Is GNPH the New BRIC?
JP Morgan Chase CEO Jamie Dimon is out with his annual letter to shareholders, and it's full of interesting points.
Sometimes, he sounds almost like a socialist, or just plain confused, defending capitalism with the argument that it's good at serving government: "In 2009, among their many activities, our investment bankers…Raised $102 billion for states, municipalities, hospitals, schools and not-for-profits – to help build roads and bridges, improve social services, renovate local hospitals and train people for employment," he writes. "We were the only bank willing to commit to lend $4 billion to the state of California, $2 billion to the state of New Jersey and $1 billion to the state of Illinois."
The investment bankers also, he says, "Invested in 58 U.S. wind farms spread across 16 states. This portfolio can produce 5,843 megawatts of capacity – enough energy to power some 1.6 million U.S. homes. We also are a leader in sourcing, developing and trading emission-reduction credits."
Mr. Dimon even has a nifty acronym for this business sector: "government, not-for profit and healthcare (GNPH)." Will GNPH replace BRIC (Brazil Russia India China) as the new growth area? Mr. Dimon reports that "As part of more than $384 million in new and renewed commitments to GNPH and educational entities in Ohio, we provided Kent State University with needed financing."
More of the "G" in GNPH is detailed: "We delivered unemployment and other benefits to more than 12 million individuals in 2009, as the national leader in bringing electronic banking services to low-income households through electronic benefits transfer and debit and stored-value cards."
Says Mr. Dimon: "We were selected by the Federal Reserve to serve as custodian for its program to purchase up to $1.25 trillion in mortgage-backed securities in order to provide support to the mortgage and housing markets."
And, "We are the leading cash management provider to the U.S. Postal Service, providing cash and check depository services to nearly one-third of the U.S. Postal Service's 80 districts."
Even the asset management team of private bankers is assessed in terms of how it is serving GNPH: "Asset management distributed more than $100 million to charities on behalf of fiduciary clients."
Other times, Mr. Dimon sounds more like an old fashioned capitalist. "The lack of regulatory clarity is creating problems for banks and for the entire economy. Businesses need confidence and certainty to grow (and to create jobs)," he writes. "When we reduce the debate over responsibility and regulation to simplistic and inaccurate notions, such as Main Street vs. Wall Street, big business vs. small business or big banks vs. small banks, we are indiscriminately blaming the good and the bad – this is simply another form of ignorance and prejudice."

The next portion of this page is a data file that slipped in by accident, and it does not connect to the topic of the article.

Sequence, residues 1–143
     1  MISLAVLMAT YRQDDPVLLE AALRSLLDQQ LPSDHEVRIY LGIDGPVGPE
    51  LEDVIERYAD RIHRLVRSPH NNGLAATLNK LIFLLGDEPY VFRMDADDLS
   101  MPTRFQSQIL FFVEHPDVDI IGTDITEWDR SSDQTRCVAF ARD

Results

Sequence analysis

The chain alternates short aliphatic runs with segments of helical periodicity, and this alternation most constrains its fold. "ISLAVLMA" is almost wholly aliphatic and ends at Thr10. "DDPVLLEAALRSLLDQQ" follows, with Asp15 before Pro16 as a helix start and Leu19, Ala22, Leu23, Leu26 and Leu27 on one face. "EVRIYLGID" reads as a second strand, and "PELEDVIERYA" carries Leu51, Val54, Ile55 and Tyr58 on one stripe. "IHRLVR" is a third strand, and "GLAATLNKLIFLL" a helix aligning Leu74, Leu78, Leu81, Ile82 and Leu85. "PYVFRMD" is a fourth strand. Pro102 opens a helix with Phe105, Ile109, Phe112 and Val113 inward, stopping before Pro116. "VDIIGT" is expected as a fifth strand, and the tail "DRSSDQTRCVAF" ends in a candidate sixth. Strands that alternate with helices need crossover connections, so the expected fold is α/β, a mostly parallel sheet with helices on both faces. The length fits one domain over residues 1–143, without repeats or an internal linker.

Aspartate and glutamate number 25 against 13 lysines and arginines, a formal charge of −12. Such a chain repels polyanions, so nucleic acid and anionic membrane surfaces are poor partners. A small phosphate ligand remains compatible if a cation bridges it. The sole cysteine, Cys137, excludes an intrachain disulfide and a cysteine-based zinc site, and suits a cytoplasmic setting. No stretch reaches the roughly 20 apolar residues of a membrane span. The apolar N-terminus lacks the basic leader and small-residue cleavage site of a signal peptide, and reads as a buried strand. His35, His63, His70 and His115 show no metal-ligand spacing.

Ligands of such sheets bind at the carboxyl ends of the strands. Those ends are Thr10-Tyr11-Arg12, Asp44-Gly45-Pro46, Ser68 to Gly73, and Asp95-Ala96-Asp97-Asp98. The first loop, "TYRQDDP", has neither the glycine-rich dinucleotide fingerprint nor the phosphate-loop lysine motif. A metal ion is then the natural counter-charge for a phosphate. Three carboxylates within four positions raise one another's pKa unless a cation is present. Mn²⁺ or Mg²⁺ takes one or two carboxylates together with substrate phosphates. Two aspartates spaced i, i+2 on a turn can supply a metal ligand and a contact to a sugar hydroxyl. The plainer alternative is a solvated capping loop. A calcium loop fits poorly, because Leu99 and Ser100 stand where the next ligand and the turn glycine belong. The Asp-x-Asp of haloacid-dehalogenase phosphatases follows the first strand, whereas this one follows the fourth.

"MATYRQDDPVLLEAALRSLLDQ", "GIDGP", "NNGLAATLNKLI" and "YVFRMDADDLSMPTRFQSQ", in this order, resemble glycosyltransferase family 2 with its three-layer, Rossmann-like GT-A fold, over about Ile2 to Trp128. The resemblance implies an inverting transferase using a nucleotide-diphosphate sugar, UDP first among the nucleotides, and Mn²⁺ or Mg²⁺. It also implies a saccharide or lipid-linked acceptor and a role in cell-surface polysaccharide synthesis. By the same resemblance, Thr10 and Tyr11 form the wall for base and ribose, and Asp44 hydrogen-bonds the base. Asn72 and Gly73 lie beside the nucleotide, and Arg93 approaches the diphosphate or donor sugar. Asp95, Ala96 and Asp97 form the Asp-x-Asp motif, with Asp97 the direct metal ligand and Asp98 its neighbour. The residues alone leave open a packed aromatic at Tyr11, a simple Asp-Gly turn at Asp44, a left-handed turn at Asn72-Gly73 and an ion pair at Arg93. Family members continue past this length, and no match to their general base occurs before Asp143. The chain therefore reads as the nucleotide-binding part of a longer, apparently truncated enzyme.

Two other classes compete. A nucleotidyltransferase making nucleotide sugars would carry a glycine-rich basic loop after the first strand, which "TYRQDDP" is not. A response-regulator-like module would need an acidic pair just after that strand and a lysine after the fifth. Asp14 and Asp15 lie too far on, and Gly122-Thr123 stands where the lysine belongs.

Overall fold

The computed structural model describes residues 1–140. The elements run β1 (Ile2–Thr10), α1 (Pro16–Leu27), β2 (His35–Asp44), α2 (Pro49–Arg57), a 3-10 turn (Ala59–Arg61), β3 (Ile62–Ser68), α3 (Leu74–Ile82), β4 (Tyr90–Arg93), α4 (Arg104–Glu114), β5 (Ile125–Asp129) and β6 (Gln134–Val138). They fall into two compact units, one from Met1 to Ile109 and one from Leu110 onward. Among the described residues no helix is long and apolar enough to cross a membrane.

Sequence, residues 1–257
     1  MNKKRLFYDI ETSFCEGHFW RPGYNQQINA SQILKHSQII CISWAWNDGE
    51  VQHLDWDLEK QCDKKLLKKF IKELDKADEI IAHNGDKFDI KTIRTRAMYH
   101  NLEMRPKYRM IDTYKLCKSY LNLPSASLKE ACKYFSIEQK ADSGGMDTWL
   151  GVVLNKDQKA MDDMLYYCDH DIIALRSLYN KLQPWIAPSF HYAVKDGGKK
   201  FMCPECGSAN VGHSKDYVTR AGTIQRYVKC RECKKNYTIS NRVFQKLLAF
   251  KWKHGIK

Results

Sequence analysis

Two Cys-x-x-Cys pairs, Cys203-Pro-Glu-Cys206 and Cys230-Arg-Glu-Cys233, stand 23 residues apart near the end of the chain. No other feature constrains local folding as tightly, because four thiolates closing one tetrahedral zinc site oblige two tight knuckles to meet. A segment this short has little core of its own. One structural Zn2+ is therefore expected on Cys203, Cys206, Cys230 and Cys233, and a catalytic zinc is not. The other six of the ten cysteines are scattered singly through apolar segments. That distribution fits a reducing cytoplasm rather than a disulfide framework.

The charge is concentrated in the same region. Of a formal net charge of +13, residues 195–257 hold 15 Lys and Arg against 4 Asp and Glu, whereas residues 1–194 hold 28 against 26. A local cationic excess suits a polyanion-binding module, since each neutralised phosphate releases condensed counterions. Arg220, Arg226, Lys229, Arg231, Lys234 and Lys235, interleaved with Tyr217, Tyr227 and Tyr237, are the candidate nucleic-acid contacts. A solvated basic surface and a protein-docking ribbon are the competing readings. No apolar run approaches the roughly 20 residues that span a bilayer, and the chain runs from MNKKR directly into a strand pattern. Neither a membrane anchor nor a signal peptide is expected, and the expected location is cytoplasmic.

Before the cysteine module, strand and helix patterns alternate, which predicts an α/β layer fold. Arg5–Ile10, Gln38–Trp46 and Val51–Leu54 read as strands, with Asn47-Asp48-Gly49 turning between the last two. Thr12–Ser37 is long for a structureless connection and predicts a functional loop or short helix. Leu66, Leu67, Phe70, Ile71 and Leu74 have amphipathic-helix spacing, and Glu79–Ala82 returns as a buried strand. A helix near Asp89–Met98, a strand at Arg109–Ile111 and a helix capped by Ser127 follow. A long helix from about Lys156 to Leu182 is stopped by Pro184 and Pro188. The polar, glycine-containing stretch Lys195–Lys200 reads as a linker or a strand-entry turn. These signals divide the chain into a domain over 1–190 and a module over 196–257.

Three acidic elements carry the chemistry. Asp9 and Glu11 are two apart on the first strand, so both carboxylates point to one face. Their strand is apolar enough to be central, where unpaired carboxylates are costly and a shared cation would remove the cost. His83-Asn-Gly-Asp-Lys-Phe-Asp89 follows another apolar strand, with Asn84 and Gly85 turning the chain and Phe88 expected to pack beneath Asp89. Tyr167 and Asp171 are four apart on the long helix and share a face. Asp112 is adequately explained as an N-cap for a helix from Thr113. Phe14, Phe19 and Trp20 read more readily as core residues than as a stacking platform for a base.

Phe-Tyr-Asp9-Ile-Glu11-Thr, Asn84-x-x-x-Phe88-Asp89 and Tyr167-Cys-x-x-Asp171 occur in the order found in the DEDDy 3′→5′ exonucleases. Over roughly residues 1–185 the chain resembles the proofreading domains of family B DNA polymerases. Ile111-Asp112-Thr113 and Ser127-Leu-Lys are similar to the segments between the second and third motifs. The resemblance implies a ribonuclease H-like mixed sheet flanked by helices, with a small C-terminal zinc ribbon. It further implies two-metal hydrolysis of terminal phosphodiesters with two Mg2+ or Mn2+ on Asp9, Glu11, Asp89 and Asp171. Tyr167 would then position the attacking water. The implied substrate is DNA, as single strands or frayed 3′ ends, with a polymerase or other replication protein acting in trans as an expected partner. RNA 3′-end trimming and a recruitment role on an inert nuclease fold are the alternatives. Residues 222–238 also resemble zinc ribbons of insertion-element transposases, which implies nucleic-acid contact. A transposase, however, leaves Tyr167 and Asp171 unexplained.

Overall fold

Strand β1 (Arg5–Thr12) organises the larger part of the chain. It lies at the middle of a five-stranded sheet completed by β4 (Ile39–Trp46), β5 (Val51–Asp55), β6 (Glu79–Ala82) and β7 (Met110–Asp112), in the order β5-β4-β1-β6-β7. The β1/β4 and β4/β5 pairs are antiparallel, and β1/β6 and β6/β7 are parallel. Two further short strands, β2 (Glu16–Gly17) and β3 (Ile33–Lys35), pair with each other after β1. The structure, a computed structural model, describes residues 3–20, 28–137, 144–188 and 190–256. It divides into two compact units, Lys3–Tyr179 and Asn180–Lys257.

"To thrive, our country and our economy need legal clarity and consistency, the fair application and steadfast enforcement of the rule of law," Mr. Dimon says.
My favorite part of the letter is the chart (page 18 of the pdf) showing compensation as a percent of revenues in a variety of different industries. JPMorgan Chase overall ranked below fast food, healthcare providers, and newspapers, which Mr. Dimon probably included to make the point that the bankers actually take less out of their companies in compensation than do the journalists who are writing all those editorials, articles, and columns complaining that bankers pay themselves too much.
Mr. Dimon also sheds some light on the government programs begun under the Bush administration. "I speak for a number of banks when I say that some of us accepted the Troubled Asset Relief Program (TARP) capital not because we needed it to survive but because we believed we were doing the right thing to help the country and the economy. We were told the government wanted even the healthy banks to take TARP to set an example for all banks and to make it easier for the weaker institutions to accept the capital without being stigmatized. JPMorgan Chase and many other banks were in a position to try to help, and that is what we did."
He goes on, "We did participate in the Federal Deposit Insurance Corporation (FDIC) guarantee program, under which we issued $40 billion of debt with an FDIC guarantee….I do regret having used the FDIC guarantee because we didn't need it, and it just added to the argument that all banks had been bailed out and fueled the anger directed toward banks."
On at least one point, Mr. Dimon struck me as self-serving. "It is these surviving banks that have paid for the cost to the FDIC of the approximately 200 bank failures since the beginning of 2008. Of those failures, the largest one, WaMu (with assets exceeding $260 billion), has cost the FDIC nothing. That is because JPMorgan Chase bought WaMu."
Sure, it may have cost the FDIC nothing. But it cost the owners of WaMu quite a bit – their asset was taken away by the government and sold to JPMorgan Chase. The test of the justice of a policy or action of the government isn't simply whether it costs the government money, but whether it protects private property rights.
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